What should I do if my housemate or roommate has COVID-19?
If you live with someone who has tested positive for COVID-19, you must quarantine. Fill out the COVID-19 Questionnaire immediately to ensure you are supported by the Case Containment and COVID CARE teams during your quarantine. If you have not been vaccinated, you must quarantine.
If you are fully vaccinated (two weeks past your final dose of vaccine), you do not need to quarantine. However, you should submit a COVID-19 Questionnaire, upload your vaccine record to AggieHealth, and get tested 3-5 days following a known exposure to someone with suspected or confirmed COVID-19. Please wear a mask in public indoor settings for 14 days or until you receive a negative test result.
Where can I get help for increased anxiety?
USU provides a variety of mental health services for students at all campuses and locations. Access services at USU campuses.
Where can I learn more about the teaching formats for classes?
Students should visit https://www.usu.edu/academic-support/ to learn more about teaching formats. For more in-depth information, visit https://www.usu.edu/ais/scheduling/deliverymethods.
How can I access financial help?
USU provides financial support and emergency grants to those facing financial hardship due to the COVID-19 pandemic. Learn more about student relief grants.
What should I do if I have a concern about accessibility in a course?
USU is committed to providing access to all of the programs, technology, and experiences that are part of the Utah State experience. If you have concerns, you should reach out to the Disability Resource Center or submit a complaint.
What is USU doing for high-risk students in the classroom?
Any student who is at a higher risk for complications from COVID-19 should reach out to the Disability Resource Center to coordinate academic accommodations. Students may also be eligible to receive help with housing accommodations if they live in USU housing.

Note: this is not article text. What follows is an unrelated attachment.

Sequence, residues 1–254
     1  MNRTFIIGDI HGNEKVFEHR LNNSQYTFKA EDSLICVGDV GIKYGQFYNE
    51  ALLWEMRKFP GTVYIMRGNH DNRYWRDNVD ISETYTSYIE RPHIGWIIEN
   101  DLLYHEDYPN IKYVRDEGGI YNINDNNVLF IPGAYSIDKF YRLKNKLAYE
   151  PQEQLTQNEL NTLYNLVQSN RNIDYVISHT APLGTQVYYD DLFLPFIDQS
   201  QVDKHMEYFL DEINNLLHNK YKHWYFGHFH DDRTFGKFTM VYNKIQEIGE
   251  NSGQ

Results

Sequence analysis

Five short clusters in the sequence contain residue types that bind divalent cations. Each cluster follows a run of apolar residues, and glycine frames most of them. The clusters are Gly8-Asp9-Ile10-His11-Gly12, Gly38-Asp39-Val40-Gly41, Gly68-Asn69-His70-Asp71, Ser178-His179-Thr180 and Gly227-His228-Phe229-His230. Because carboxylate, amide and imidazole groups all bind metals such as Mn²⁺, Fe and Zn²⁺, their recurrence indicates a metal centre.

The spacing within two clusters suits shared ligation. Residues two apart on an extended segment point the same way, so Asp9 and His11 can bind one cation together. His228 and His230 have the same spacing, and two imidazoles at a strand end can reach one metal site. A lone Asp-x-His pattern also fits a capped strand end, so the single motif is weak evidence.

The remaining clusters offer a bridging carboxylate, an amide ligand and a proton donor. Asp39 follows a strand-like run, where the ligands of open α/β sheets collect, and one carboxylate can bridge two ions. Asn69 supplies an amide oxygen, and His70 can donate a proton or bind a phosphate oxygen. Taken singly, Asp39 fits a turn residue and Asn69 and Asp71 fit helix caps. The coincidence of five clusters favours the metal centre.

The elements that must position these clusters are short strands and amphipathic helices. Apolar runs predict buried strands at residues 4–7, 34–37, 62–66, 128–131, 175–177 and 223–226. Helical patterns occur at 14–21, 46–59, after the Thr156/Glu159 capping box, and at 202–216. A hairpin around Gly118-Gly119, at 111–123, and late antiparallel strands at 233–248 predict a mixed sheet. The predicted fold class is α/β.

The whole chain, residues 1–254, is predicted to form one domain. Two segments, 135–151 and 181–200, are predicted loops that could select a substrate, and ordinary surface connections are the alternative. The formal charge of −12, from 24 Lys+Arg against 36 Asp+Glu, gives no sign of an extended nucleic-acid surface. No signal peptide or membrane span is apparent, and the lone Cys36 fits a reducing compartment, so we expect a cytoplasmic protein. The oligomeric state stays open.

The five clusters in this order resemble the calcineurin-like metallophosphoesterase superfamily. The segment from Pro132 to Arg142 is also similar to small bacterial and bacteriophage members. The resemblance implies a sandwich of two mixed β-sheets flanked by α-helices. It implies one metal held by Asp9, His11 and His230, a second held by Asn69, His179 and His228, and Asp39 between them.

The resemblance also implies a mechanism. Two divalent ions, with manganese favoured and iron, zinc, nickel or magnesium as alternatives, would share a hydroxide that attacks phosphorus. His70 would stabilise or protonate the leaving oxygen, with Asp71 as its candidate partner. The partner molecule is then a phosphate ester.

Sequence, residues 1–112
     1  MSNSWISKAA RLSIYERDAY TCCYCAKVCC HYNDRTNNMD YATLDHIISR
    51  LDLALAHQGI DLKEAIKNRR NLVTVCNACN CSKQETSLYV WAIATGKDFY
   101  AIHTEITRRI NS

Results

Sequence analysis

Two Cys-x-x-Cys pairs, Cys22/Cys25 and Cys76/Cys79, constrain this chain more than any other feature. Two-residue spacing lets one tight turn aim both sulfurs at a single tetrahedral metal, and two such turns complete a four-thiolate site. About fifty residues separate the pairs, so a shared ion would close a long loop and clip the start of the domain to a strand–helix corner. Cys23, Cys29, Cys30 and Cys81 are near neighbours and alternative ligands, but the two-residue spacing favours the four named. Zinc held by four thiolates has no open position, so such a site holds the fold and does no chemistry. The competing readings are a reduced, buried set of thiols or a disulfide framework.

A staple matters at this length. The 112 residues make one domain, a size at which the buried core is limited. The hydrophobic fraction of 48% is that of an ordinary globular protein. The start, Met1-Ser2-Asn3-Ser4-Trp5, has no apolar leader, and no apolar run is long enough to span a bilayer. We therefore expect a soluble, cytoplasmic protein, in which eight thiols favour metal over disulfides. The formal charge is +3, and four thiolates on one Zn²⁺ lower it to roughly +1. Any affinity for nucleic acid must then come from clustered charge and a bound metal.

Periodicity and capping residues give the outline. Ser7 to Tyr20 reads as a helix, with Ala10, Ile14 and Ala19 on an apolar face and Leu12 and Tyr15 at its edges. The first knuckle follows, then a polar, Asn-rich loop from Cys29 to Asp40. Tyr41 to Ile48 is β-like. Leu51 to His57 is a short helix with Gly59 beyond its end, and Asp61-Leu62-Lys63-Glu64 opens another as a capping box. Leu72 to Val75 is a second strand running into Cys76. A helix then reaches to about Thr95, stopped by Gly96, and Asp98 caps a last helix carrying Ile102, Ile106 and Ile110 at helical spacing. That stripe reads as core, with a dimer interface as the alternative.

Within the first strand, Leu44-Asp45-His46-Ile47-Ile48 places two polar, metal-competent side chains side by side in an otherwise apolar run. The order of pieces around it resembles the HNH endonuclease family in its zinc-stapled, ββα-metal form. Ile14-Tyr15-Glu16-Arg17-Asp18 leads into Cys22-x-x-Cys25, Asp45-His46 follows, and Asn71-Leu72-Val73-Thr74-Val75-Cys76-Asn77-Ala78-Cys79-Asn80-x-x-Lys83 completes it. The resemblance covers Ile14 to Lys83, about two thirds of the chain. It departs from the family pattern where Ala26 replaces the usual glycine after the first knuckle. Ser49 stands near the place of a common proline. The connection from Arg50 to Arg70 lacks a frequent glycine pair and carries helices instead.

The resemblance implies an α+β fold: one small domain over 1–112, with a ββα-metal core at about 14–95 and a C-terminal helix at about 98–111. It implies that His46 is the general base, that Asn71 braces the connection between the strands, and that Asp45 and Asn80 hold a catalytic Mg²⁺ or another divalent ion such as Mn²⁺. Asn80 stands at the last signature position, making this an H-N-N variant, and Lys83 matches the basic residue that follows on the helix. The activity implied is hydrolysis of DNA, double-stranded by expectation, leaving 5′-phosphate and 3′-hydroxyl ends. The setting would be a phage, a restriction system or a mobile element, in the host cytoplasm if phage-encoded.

What is USU doing for high-risk students who live in on-campus housing?
We encourage those students who are at a higher risk for complications from COVID-19 to reach out to the Disability Resource Center and talk about options as early as possible. It is much easier to provide accommodations before students return to campus and move in.
If someone I live with is high risk, and I don't feel comfortable attending in-person classes, what are my options?
We know that are some students anxious about the coronavirus and others anxious to get back on campus, and we encourage students to look at their own situation and make decisions that feel right for them. Most students will find that their fall classes will be offered in a variety of teaching formats, some requiring students to be in class and some allowing students to connect from outside of the classroom. For those classes that are in-person, face coverings will be required, seating will be marked to ensure social distancing, and high-touch surfaces cleaned regularly to help minimize the risk of COVID-19 to students and instructors.
If students have concerns about how their classes will be taught, they can reach out to the USU registrar to talk about options. Before changing classes, students should consult with their academic advisor to ensure if they change their schedule that they stay on track to graduate.
If I am living out of state due to COVID-19, how will that affect my residency status?
Residency requirements are set by the Utah System of Higher Education, and they have indicated that COVID-19 restrictions should not negatively impact residency. USU’s residency officers will look at the information a student submits to show whether the student would have been in Utah had it not been for COVID-19. Learn more at usu.edu/residency.
How is the Aggie Shuttle addressing the risk of infection?
On the Logan campus, passengers on the Aggie Shuttle are required to wear masks. This is in accordance with a CDC requirement for masks on any public conveyance in the U.S.